* It's fine to enter with the lyrics alone but if you would like to then please do include performance directions, suggestions for instrumentation and voices, tempi and dynamics, musical genre, etc. However, please format your entry as a text file or pdf file, not one that uses specialist music-making software.

* Also, why not record a version of yourself or your friends, your band, or your choir singing the song and submit it to our supplementary competition as an audio or video file, preferably as an mp3 or mp4 file?

* Send your song lyrics and performances to historyofsciencesongs@googlemail.com by FRIDAY 17 APRIL 2009. You shouldreceive a message in reply confirming the validity of your entry within 48hours.

* Prize-winners will be announced at our Annual Conference in Leicester onSaturday 4th July 2009, and immediately thereafter on the BSHS website and BSHS-OEC-NEWS mailing list.

* Enquiries about this competition should be sent to historyofsciencesongs@googlemail.com

* Please note that by entering this competition you guarantee that your lyrics are your own original work. The BSHS will use the winning entries in our activities to bring topics in the history of science, technology and medicine to new audiences.

* These details are available on the BSHS webpages here.

Saturday, February 14, 2009

A Naturalist's Valentine. By a Palaeontologist

BORNE upon Pterodactyle’s wing,
This heart, which once you deemed of stone,
Model of maids, to thee I bring,
And offer it to thee alone!
Not Owen pondering o’er bone
Of great Dinorius, fonder grew
Of mighty wingless birds unknown,
Than I, sweet maid, of you.

The Glyptodon, which Darwin found
Beside the South Atlantic main,
Was in no harder armour bound
Than that my spirit did enchain;
Till, bade by thee, love rent in twain
The fetters which my fancy tied
To boulder, glacier, and moraine,
And bore me to thy side!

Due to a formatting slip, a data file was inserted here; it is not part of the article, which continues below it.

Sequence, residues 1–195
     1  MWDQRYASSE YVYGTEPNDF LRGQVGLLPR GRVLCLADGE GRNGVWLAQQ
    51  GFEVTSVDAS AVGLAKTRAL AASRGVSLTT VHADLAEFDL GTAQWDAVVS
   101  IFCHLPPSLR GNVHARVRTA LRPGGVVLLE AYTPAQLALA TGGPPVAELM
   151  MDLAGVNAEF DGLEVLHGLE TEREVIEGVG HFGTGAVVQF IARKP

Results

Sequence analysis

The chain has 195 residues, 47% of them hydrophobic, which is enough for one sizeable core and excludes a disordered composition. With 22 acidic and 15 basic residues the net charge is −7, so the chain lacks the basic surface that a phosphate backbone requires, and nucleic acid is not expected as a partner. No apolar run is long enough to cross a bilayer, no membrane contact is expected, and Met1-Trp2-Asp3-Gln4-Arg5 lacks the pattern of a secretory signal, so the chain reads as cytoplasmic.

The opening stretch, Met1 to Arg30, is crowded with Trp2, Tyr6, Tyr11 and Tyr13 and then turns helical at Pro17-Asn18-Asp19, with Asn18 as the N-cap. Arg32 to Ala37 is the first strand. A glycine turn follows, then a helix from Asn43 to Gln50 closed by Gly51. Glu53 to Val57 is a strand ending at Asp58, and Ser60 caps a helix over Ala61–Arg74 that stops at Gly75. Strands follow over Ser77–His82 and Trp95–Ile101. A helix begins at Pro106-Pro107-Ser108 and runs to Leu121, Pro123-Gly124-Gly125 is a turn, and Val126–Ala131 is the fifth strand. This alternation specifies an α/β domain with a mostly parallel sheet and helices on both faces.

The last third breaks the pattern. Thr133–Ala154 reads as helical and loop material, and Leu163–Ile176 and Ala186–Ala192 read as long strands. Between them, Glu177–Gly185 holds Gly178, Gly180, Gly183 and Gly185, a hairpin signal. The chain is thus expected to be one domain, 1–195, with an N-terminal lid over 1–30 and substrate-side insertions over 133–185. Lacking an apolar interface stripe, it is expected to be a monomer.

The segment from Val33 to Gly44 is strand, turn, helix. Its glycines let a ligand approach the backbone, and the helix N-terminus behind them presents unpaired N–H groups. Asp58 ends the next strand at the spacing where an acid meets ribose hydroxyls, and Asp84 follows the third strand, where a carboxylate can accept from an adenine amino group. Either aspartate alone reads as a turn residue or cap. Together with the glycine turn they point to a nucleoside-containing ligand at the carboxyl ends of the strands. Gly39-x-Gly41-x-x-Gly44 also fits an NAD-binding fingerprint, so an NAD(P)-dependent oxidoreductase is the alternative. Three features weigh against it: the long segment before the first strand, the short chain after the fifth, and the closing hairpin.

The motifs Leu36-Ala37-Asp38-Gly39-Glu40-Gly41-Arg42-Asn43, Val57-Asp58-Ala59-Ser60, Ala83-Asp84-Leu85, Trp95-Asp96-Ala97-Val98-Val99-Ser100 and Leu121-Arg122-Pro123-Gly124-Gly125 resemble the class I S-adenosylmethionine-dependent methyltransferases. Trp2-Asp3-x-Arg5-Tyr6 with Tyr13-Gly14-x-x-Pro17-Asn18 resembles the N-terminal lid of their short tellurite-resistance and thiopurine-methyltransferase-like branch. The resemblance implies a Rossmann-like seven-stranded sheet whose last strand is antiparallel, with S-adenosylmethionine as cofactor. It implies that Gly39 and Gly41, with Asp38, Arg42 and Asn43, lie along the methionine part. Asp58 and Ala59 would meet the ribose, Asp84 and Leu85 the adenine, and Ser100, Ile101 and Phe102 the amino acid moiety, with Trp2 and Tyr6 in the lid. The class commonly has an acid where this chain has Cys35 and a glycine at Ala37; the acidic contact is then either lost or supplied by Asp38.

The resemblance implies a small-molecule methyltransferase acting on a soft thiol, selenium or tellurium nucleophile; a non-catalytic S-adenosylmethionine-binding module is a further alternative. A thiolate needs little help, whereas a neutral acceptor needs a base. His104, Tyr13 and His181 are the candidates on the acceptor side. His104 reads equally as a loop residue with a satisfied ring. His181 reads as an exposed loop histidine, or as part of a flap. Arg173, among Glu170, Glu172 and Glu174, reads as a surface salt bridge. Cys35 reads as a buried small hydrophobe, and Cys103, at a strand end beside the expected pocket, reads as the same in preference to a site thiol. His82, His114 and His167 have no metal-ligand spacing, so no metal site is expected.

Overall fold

Like some fantastic trilobite,
That perished in the Silurian sea,
And long lay hid from mortal sight,
So was the heart I yield to thee.
Now from its stony matrix free,
The palaeontologic skill
Once more hath called it forth to be
The servant of thy will.

Geological Society, Feb. 14

From: Daubeny, (1869) Fugitive Poems Connected with Natural History and Physical Science, 175-176.

Monday, February 09, 2009

16th February

Our next meeting will be held on Monday 16th February in the upstairs seminar room at Darwin College, from 7.30-9pm. We'll be discussing our third work of historical fiction, Russell McCormmach's Night Thoughts of a Classical Physicist. I hope to see you then!

Friday, February 06, 2009

CFP - The mad scientist in 19th to 21st century fiction

Brest, 1-2 Oct 2009

The mad scientist is a complex figure which dates back to Antiquity, a time when genius and madness were perceived as complementary facets. This complementarity persists, fuelled by successive epistemological crises which question the perception human beings have of themselves and of the world around them. The figure of the mad scientist crystallizes many diffuse fears which can be political, social, religious, economic or ideological and which are related to the possibility of defining oneself as a human being (Hawthorne, Collins, Doyle, Stevenson, Stoker, Machen, Wells).

This symposium will focus on contemporary metamorphoses of the mad scientist in narratives and visual arts of the late 20th century and early 21st centuries, in the English-speaking world (A. Carter, J. Coe, P. Mc Grath, M. Amis, W. Self) but not exclusively so. Visual arts will enable us to reach beyond geographical or temporal frontiers as the mad scientist’s popularity is highly indebted to the cinema. Proposals may deal with various socio-cultural contexts and emphasize ontological, epistemological, psychological, economic or political aspects which have contributed to the persistence and aura of the figure of the mad scientist.

Abstracts should be sent before the 15th of March 2009 to: helene.machinal@univ-brest.fr or camille.manfredi@univ-brest.fr

The symposium is organized by CEIMA, HCTI, EA 4249, Université de Bretagne Occidentale

Emma Darwin's blog

'Emma Darwin' will be blogging here until 23rd February...

Monday, February 02, 2009

Rescheduled meeting - Mon 9th

The next meeting of the Reading Group has been rescheduled for next Monday, 9th February, in the upstairs seminar room at Darwin College from 7.30-9pm. We'll be discussing Measuring the World. All welcome!